Fossils could be of first dinosaur to roam planet

Updated 06 December 2012
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Fossils could be of first dinosaur to roam planet

PARIS: Fossilized bones unearthed by a British palaeontologist in colonial Tanzania in the 1930s may be those of the oldest dinosaur ever found, researchers reported yesterday.
The bones are either those of the earliest dinosaur or of the closest relative of dinosaurs discovered to date, they said.
A denizen of the Middle Triassic around 243 million years ago, the creature predates all previous dinosaur finds by 10 to 15 million years, the scientists said.
The specimen also points to the possible birthplace of these enigmatic species in a mega-continent called Pangaea, they added.
Dubbed Nyasasaurus, the putative dino was about 80 centimeters (three feet) high, up to three meters (10 feet) in length and had a tail up to 1.5 meters (five feet) long, according to their study. It probably weighed between 20 and 60 kilos (45-135 pounds).
“If the newly-named Nyasasaurus parringtoni is not the earliest dinosaur, then it is the closest relative found so far,” said Sterling Nesbitt of the University of Washington.
Nyasasaurus’ name derives from Lake Nyasa — now called Lake Malawi — and from a University of Cambridge palaeontologist, Rex Parrington.
His team excavated the six vertebrae and upper arm bone from sediment in the Ruhuhu Valley of southern Tanzania in the early 1930s. That location, said the authors, backs theories that dinosaurs evolved in the southern portion of the supercontinent of Pangaea, where Earth’s land masses were glommed together before the pieces drifted apart to form continents. The southern part of Pangaea comprised Africa, Australia, South America and Antarctica.
For decades, the Nyasasaurus bones languished and were never formally documented.
Their true importance has only been made clear today, thanks in part to modern scanning technology which compared Parrington’s specimens in London’s Natural History Museum against two other Nyasasaurus bones at the South African Museum in Cape Town.
What makes the finds special is that they share many important features of dinosaur bones as well as imprinted traces of tissue showing that the creature grew rapidly, again a dino characteristic.
“For 150 years, people have been suggesting that there should be Middle Triassic dinosaurs, but all the evidence is ambiguous,” Nesbitt said.
“Some scientists used fossilized footprints, but we now know that other animals from that time have a very similar foot.
“Other scientists pointed to a single dinosaur-like characteristic in a single bone, but that can be misleading because some characteristics evolved in a number of reptile groups and are not a result of shared ancestry.”
The Triassic Period — between 252 and 201 million years ago — not only presided over the rise of the dinosaurs. It also saw the emergence of turtles, frogs, lizards and mammals.
If the new study is right, the reign of the dinosaurs was even more successful than thought.
The “giant lizards” spanned some 178 million years until their lineage was blotted out by an extinction event, presumed to be a giant space rock that whacked into the plant.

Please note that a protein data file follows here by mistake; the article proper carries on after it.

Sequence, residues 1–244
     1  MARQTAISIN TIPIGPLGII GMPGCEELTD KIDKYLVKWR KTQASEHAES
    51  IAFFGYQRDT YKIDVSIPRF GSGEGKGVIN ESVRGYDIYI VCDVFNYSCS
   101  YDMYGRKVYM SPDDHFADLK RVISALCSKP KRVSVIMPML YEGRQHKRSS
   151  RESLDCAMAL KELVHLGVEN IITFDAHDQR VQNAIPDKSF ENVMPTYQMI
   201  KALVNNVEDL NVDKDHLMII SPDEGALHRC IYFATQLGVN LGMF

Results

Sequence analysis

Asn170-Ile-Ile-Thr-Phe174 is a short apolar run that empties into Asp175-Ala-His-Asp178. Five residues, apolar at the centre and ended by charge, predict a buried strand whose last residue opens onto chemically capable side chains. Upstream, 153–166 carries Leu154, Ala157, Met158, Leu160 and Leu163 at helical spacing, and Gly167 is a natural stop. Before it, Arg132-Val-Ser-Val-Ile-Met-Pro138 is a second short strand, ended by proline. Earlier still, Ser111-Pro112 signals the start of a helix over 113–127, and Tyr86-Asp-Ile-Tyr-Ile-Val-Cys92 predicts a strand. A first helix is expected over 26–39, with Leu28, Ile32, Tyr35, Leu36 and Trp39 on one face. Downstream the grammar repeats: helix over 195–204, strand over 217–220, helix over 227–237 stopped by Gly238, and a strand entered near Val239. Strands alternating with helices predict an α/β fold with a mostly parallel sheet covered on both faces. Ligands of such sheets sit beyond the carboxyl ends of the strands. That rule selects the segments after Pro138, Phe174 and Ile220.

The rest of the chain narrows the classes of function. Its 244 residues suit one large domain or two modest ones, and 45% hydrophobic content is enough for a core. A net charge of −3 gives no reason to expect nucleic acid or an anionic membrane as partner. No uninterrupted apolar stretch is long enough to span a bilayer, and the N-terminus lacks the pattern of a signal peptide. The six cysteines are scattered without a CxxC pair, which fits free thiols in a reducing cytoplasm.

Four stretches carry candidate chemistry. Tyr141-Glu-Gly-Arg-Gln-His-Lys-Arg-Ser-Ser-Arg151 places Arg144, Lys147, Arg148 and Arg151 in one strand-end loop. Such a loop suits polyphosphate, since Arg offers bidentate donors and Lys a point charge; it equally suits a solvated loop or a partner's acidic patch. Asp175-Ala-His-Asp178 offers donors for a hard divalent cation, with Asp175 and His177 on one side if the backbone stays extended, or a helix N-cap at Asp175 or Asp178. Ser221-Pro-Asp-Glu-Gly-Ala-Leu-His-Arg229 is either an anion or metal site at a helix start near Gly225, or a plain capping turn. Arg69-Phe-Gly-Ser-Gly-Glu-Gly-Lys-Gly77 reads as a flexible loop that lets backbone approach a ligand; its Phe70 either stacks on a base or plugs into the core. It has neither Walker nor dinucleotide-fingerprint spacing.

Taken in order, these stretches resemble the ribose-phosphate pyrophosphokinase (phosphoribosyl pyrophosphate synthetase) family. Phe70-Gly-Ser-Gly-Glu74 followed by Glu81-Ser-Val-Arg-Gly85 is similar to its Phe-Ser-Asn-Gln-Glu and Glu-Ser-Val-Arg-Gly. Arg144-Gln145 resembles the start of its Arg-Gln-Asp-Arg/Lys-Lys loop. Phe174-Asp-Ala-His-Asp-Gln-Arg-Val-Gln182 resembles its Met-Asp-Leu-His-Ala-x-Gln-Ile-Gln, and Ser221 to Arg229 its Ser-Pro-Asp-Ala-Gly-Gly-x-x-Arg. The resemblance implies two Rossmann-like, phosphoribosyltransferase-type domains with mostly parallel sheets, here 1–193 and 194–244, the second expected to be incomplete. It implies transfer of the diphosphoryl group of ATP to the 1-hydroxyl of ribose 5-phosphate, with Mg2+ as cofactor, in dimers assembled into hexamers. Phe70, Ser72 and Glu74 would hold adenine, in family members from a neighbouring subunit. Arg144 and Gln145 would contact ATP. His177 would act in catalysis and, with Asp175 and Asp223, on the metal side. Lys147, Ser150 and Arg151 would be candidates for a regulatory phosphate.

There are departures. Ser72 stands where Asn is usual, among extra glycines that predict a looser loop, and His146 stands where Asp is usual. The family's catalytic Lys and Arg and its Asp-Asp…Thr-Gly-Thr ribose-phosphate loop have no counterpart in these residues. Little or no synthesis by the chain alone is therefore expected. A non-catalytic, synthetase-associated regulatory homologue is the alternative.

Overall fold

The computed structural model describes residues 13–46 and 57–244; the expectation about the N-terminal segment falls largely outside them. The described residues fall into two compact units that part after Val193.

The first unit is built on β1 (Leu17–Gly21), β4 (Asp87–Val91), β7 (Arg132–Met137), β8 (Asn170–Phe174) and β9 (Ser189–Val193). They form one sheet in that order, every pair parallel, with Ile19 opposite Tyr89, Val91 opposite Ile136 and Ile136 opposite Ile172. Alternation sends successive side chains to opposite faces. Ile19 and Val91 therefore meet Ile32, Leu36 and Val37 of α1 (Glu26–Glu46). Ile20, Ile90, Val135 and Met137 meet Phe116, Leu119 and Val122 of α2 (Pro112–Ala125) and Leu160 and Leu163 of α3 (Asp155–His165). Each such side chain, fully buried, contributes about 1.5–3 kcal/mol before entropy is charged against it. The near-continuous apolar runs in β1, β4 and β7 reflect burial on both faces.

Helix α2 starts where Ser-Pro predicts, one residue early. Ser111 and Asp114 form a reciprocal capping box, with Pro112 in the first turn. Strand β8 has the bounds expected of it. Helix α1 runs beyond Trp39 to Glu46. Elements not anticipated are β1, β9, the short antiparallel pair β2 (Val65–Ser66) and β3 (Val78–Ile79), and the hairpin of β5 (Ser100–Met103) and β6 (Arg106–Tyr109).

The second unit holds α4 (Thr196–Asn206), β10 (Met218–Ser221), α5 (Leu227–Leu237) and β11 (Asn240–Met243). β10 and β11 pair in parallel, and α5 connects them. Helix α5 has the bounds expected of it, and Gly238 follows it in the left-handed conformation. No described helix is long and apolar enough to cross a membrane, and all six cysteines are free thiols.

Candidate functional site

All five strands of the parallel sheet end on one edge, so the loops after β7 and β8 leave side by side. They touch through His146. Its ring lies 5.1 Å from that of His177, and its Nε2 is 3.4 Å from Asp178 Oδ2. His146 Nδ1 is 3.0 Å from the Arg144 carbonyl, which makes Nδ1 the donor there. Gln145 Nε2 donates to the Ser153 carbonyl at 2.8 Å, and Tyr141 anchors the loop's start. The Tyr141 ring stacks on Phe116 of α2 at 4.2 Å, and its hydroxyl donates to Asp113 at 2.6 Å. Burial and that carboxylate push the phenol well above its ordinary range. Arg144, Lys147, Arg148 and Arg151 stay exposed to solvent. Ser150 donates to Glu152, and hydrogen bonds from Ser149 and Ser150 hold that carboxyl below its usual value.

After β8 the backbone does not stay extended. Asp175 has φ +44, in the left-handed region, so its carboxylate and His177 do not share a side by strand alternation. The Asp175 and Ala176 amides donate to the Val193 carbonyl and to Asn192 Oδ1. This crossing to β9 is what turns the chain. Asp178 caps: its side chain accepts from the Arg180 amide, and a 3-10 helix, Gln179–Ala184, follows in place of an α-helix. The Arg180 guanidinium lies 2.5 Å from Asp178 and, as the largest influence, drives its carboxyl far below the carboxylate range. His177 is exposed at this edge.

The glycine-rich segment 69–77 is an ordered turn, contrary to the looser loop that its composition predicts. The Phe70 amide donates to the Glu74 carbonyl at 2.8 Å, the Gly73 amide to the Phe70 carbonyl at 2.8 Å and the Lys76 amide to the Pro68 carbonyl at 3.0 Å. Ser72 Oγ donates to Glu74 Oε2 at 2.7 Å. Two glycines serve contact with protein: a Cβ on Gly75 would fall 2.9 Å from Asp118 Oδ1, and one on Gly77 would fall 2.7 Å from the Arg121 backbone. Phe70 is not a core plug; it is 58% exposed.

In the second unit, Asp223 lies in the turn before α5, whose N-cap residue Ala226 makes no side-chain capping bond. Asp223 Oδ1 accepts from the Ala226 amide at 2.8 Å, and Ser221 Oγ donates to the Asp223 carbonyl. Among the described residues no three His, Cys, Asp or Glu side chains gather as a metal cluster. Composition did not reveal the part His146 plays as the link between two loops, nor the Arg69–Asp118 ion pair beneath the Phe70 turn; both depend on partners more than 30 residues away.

Japan to trial ‘world’s first urine test’ to spot cancer

Updated 17 April 2018
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Japan to trial ‘world’s first urine test’ to spot cancer

  • Previous research has shown a new blood test has potential to detect eight different kinds of tumors before they spread
  • The research starts in April and will run until September

TOKYO: A Japanese firm is poised to carry out what it hailed as the world’s first experiment to test for cancer using urine samples, which would greatly facilitate screening for the deadly disease.
Engineering and IT conglomerate Hitachi developed the basic technology to detect breast or colon cancer from urine samples two years ago.
It will now begin testing the method using some 250 urine samples, to see if samples at room temperature are suitable for analysis, Hitachi spokesman Chiharu Odaira told AFP.
“If this method is put to practical use, it will be a lot easier for people to get a cancer test, as there will be no need to go to a medical organization for a blood test,” he said.
It is also intended to be used to detect paediatric cancers.
“That will be especially beneficial in testing for small children” who are often afraid of needles, added Odaira.
Research published earlier this year demonstrated that a new blood test has shown promise toward detecting eight different kinds of tumors before they spread elsewhere in the body.
Usual diagnostic methods for breast cancer consist of a mammogram followed by a biopsy if a risk is detected.
For colon cancer, screening is generally conducted via a stool test and a colonoscopy for patients at high risk.
The Hitachi technology centers around detecting waste materials inside urine samples that act as a “biomarker” — a naturally occurring substance by which a particular disease can be identified, the company said in a statement.
The procedure aims to improve the early detection of cancer, saving lives and reducing the medical and social cost to the country, Odaira explained.
The experiment will start this month until through September in cooperation with Nagoya University in central Japan.
“We aim to put the technology in use in the 2020s, although this depends on various things such as getting approval from the authorities,” Odaira said.